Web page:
The Pragmatic Programmer

After having it on my to-do and wish list for about a year, I finally ordered and read ‘The Pragmatic Programmer‘. It was a really interesting read. I was able to relate to many of the chapters in it. The book talks about how programmers can rise from journeymen to masters.

The book contains many (70 to be precise) one line nuggets of programming wisdom. The authors themselves have made these available online here. Coding Horror (Jeff Atwood) also has a handy quick reference to many of the ideas mentioned in the book – link.

Even though the tips by themselves are great, I would recommend reading the whole book rather than reading them in isolation. What makes the book great is the way the authors presents the ideas in easy-to-understand ways, often using small stories and analogies wherever applicable. Some of the interesting ones below:

The Broken Window Theory (wiki):

Consider a building with a few broken windows. If the windows are not repaired, the tendency is for vandals to break a few more windows. Eventually, they may even break into the building, and if it’s unoccupied, perhaps become squatters or light fires inside.

This is how human psychology works. The same is applicable in terms of software quality. If we introduce entropy into the system (in the form of poor code, lack of unit or integration testing, poor review practices etc.), it will spread rapidly and destroy the system. The opposite can also happen where once we establish an immaculate system and great practices, individuals would try not to be the first to lower the standards.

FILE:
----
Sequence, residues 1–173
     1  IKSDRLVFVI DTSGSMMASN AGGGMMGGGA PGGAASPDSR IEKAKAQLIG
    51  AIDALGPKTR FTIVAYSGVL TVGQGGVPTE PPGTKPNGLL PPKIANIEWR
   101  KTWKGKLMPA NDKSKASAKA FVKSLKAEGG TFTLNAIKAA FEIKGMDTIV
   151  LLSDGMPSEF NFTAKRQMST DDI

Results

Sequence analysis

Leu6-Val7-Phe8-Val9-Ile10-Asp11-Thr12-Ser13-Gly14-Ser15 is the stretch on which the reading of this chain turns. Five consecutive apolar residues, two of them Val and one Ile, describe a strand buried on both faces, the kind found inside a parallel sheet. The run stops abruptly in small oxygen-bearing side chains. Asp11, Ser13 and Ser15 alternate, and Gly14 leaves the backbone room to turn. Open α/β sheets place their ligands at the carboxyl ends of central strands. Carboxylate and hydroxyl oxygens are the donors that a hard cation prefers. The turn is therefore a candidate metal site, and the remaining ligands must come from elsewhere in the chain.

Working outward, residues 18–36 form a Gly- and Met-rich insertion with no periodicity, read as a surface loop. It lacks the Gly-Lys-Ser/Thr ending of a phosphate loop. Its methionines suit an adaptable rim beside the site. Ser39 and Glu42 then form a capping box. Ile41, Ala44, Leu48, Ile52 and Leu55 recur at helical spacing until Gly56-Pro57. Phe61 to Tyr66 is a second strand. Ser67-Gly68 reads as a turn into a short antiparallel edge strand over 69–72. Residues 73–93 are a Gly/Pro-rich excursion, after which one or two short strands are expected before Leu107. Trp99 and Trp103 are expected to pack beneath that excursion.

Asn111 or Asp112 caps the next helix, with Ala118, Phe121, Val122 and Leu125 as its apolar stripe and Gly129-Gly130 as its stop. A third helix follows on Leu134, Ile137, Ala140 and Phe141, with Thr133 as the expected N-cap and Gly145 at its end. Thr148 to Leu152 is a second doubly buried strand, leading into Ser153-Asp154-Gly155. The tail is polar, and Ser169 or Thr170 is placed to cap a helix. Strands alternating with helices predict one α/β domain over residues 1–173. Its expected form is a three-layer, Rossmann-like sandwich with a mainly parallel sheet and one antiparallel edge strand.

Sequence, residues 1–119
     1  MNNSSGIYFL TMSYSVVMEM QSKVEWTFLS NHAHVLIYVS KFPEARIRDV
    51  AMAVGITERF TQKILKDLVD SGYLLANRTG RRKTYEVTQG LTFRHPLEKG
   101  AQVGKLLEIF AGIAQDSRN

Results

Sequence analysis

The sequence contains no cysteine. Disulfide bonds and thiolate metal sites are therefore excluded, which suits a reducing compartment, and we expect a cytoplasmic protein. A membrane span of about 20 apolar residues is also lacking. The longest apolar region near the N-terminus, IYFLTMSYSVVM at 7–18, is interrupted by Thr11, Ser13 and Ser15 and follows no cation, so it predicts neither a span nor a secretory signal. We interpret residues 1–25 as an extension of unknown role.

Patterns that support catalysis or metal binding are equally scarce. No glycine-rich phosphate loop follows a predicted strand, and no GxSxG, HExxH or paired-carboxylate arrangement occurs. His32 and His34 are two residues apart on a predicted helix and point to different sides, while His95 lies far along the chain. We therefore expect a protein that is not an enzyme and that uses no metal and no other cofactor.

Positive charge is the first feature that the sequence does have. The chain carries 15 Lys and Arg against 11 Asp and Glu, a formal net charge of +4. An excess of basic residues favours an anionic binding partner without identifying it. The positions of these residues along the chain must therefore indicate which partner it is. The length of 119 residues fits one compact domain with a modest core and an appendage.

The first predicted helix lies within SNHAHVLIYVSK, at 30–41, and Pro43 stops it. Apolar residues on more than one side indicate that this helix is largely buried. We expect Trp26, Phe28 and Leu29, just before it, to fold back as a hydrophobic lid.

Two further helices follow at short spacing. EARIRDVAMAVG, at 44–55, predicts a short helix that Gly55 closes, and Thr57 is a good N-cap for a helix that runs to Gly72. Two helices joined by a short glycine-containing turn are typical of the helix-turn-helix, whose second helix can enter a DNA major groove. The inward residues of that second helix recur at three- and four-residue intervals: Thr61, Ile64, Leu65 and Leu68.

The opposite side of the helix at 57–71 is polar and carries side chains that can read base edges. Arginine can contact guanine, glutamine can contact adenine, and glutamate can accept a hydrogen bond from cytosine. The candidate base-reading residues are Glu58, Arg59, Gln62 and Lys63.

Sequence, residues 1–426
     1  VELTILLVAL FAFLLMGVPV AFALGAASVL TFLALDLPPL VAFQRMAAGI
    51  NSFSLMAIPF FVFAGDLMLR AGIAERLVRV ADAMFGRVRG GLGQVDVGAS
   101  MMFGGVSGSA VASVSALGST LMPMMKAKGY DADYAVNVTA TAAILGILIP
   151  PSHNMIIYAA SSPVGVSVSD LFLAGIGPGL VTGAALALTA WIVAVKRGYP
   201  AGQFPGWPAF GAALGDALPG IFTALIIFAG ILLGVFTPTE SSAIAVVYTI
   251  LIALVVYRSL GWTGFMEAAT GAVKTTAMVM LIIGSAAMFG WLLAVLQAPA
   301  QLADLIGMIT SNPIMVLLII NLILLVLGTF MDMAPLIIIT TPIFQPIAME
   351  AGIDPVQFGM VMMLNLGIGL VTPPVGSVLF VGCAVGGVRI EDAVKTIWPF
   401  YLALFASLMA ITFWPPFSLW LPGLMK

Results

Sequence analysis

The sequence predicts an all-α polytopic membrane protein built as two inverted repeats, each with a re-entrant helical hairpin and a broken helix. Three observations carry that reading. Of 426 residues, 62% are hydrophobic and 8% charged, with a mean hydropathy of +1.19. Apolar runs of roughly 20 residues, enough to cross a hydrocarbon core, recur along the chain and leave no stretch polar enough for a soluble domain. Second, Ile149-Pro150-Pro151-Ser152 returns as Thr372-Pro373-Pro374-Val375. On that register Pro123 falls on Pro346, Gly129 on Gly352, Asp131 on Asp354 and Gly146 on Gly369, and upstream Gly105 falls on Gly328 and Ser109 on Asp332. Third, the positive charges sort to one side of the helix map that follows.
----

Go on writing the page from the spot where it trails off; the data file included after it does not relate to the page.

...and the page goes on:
The Stone Soup

The story can be read here. The authors have lessons from both sides of the story:

Tip: Be a Catalyst for Change

Like how the soldiers (or travellers as per the wiki) influenced and brought about change gradually, if we show people a glimpse of the future, they will be more willing to participate.

Tip: Remember the big picture

Villagers fall for the stone trick since they failed to notice gradual changes. This can happen to our software systems and projects as well. The next point is related.

The Boiled Frog

If a frog is put suddenly into boiling water, it will jump out, but if it is put in cold water which is then brought to a boil slowly, it will not perceive the danger and will be cooked to death.

The story is often used as a metaphor for the inability or unwillingness of people to react to or be aware of threats that rise gradually. Gradual increases in CPU/memory utilisation or service latencies which eventually bring down systems come into mind here. Gradual feature-creep and/or project delays which eventually add up to failed projects are also examples.

Some of the programming pearls of wisdom that I found most compelling were:

The Requirement Pit 

Requirements are often unclear and mixed with current policies and implementation. We must capture the underlying semantic invariants as requirements and document the specific or current work practices as policy.

Tip: Abstractions live longer than details

The Law of Demeter for Functions (wiki)

An object’s method should call only methods belonging to:

  • Itself
  • Any parameters passed in
  • Objects it creates
  • Component objects

Following this law helps us write ‘shy’ code which minimises coupling between modules.

Listing other tips below:

  • DRY principle – Don’t Repeat Yourself. Avoid duplication of code or documentation.
  • Orthogonality – Decouple systems into independent components.
  • Always use version control (even for documents, memos, scripts – for everything)
  • Use Domain Specific Languages (DSLs) and Code Generators to simply development
  • Ruthless testing – Test early, test often, test automatically
  • Use prototypes and tracer bullets wherever and whenever possible


AI for Robotics – Experience

I studied AI for Robotics class as part of the Summer’16, OMSCS program. It was a really interesting and challenging experience. It was taught by Prof. Sebastian Thrun who lead the self-driving car project in Google. It was his team from Stanford which won the DARPA Grand Challenge in 2005 where they drove a car (Stanley) over 212 km of off-road course and came first. Incidentally Prof. Thrun is a co-founder at Udacity and was it’s CEO until recently.

The class consisted of two portions: 

  • a series of lectures combined with small programming tasks
  • two open-ended projects related to self-driving cars